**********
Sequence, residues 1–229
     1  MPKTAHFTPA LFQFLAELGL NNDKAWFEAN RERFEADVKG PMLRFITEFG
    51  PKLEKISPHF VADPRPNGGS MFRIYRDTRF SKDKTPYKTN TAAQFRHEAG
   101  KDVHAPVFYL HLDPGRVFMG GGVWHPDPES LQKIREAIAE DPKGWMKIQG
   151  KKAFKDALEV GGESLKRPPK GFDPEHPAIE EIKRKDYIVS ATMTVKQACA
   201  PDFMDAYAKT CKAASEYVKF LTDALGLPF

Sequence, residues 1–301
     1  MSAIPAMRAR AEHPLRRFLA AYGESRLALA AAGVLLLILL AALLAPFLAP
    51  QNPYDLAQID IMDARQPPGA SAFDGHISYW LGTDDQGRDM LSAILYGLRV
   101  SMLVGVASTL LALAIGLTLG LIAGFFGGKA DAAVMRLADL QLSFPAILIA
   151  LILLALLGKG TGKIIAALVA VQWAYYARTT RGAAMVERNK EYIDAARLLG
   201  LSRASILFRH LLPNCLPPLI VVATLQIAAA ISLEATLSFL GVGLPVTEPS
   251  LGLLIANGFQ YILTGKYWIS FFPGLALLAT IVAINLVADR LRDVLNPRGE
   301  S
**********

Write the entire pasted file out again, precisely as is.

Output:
Sequence, residues 1–229
     1  MPKTAHFTPA LFQFLAELGL NNDKAWFEAN RERFEADVKG PMLRFITEFG
    51  PKLEKISPHF VADPRPNGGS MFRIYRDTRF SKDKTPYKTN TAAQFRHEAG
   101  KDVHAPVFYL HLDPGRVFMG GGVWHPDPES LQKIREAIAE DPKGWMKIQG
   151  KKAFKDALEV GGESLKRPPK GFDPEHPAIE EIKRKDYIVS ATMTVKQACA
   201  PDFMDAYAKT CKAASEYVKF LTDALGLPF

Sequence, residues 1–301
     1  MSAIPAMRAR AEHPLRRFLA AYGESRLALA AAGVLLLILL AALLAPFLAP
    51  QNPYDLAQID IMDARQPPGA SAFDGHISYW LGTDDQGRDM LSAILYGLRV
   101  SMLVGVASTL LALAIGLTLG LIAGFFGGKA DAAVMRLADL QLSFPAILIA
   151  LILLALLGKG TGKIIAALVA VQWAYYARTT RGAAMVERNK EYIDAARLLG
   201  LSRASILFRH LLPNCLPPLI VVATLQIAAA ISLEATLSFL GVGLPVTEPS
   251  LGLLIANGFQ YILTGKYWIS FFPGLALLAT IVAINLVADR LRDVLNPRGE
   301  S